and follow up to help people follow the rules of census residency appropriately. And we have
another question about whether the people living here also might stay somewhere else at another

So those questions should improve the differential undercount of the 2010 Census.

There are a couple of other operations that should improve the master address file. And for those
of you following this story routinely, you know that the Census Bureau was given about a billion
dollars in stimulus funds that we're using to good goals, I believe, in improving the advertising,
the paid advertising program and a massive outreach for partnerships at a very local area to
improve our access to trusted voices in small communities that have the credibility we need to
tell people that it's an important thing to do. It's really easy, and it's a safe thing to do for
communities that have those concerns.

So on this first part, if I as a survey scientist, put the design features of the 2000 design next to
the 2010 design, I'm really quite comfortable that we have planned in this country a better census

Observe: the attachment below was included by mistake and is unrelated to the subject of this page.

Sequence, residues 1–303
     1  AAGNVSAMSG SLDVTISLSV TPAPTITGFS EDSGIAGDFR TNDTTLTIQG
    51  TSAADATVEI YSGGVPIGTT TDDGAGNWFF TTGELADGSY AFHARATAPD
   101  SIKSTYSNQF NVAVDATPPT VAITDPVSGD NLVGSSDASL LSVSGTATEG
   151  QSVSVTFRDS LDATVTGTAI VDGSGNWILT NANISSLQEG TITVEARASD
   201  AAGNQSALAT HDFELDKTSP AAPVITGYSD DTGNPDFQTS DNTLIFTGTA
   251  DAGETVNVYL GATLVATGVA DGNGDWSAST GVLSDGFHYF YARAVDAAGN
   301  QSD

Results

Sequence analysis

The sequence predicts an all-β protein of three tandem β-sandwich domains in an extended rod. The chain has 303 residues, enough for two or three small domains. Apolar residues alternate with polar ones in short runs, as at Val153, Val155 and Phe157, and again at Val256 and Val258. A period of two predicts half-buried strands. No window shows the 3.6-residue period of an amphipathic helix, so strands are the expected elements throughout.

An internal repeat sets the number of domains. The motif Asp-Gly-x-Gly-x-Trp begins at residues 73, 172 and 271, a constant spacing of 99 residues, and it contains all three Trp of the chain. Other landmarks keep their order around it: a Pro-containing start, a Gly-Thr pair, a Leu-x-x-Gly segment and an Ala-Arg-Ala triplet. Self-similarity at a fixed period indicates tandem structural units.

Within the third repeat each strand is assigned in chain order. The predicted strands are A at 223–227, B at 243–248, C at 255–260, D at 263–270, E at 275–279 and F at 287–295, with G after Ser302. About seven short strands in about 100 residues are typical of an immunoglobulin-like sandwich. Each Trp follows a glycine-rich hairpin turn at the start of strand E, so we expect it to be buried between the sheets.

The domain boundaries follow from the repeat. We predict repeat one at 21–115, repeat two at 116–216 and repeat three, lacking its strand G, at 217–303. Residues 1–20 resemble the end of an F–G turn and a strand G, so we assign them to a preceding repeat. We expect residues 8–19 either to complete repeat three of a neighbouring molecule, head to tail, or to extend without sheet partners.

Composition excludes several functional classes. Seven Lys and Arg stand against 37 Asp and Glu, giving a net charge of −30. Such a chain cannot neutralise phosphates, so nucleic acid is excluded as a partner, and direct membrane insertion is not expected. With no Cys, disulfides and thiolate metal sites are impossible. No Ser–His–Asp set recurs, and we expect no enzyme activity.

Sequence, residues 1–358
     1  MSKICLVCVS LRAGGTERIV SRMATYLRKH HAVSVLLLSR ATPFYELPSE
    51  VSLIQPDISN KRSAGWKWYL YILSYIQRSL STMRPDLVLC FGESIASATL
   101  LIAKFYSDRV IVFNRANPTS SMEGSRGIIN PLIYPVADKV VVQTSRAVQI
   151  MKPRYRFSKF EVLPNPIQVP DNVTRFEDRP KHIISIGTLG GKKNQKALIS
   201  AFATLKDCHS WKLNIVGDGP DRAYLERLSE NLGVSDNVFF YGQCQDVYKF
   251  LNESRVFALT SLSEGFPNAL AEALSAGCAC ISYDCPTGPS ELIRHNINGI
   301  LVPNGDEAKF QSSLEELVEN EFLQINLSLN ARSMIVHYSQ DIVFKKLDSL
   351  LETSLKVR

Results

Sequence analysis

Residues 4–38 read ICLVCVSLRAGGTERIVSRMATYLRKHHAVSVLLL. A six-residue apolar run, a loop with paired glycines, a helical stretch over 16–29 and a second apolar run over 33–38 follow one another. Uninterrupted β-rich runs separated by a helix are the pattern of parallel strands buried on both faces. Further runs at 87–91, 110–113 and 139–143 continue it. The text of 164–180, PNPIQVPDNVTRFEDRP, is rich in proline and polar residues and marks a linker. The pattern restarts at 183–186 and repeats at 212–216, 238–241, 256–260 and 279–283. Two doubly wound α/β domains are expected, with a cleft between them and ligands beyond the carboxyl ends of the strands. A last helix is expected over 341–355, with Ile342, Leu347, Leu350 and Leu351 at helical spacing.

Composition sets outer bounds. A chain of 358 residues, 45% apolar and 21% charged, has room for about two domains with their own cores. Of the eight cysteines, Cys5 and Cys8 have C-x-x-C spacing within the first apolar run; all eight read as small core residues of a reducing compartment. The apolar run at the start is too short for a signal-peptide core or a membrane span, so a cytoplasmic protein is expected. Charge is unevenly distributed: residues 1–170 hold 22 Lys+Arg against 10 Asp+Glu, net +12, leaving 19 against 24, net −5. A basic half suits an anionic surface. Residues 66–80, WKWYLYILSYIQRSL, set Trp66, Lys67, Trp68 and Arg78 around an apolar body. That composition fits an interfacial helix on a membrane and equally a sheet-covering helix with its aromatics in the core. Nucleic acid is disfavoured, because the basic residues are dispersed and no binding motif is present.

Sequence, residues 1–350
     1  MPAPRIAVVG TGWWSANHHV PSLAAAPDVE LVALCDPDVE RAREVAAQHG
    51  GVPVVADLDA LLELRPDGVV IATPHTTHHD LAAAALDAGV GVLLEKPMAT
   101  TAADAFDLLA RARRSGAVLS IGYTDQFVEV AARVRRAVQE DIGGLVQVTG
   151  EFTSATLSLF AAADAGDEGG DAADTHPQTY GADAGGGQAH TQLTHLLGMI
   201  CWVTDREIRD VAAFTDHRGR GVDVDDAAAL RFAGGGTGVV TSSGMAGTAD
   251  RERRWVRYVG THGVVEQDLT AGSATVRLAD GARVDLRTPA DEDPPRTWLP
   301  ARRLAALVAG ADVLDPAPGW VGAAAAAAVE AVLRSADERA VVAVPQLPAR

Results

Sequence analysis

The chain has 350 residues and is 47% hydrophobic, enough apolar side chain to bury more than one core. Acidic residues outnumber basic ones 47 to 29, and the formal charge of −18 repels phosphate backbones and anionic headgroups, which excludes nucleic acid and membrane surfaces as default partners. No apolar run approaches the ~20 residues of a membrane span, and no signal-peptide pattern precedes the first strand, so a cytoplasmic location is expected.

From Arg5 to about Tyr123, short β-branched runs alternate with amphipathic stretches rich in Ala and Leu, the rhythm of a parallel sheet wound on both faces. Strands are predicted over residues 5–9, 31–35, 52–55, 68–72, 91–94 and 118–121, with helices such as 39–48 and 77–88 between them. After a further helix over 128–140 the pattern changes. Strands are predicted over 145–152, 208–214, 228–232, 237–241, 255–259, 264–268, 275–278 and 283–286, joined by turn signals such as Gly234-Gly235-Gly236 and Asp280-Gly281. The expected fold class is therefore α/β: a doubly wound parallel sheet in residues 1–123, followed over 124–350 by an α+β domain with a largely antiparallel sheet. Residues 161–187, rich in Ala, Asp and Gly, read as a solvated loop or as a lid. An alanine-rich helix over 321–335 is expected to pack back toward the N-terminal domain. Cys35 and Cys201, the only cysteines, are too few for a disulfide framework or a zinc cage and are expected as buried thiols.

than we executed in 2000.

And then there are two sets of challenges in my professional judgment that the Census Bureau
faces. I want to go through those briefly, by way of informing the country of those judgments.

First, on the internal side, we have a new leadership team at Census. As you know, the
terminated development of hand-held computers for non-responsive follow-up produced a
change of leadership. This is a new team. It's a team that's structured quite well in terms of
identifying management risks and planning risks. And that's a great benefit to them. To bolster
that team, I will continue the use of a set of outside advisors that I've brought in when I entered.
This includes Former Director Ken Prewitt and Principal Associate Director John Thompson, as
well as drawing on Nancy Potok, Former Principal Associate Director, now the Deputy Under
Secretary for Economic Affairs.

The second thing that worries me about the Census Bureau is something that I worry about for
all federal statistical systems and that is there's been a set of key retirements of senior
mathematical statisticians. This is true of a lot of federal agencies. This is a weakness I'm
worried about. And my reaction on that, too, is to bring in advice from the outside when we
need it on those sorts of matters.

Third, the problem with the hand-held development led to the Census Bureau taking on a big
programming development operation. We're in the middle of that. It's a group of people
working night and day to finish up a set of software that we need for the non-response follow-up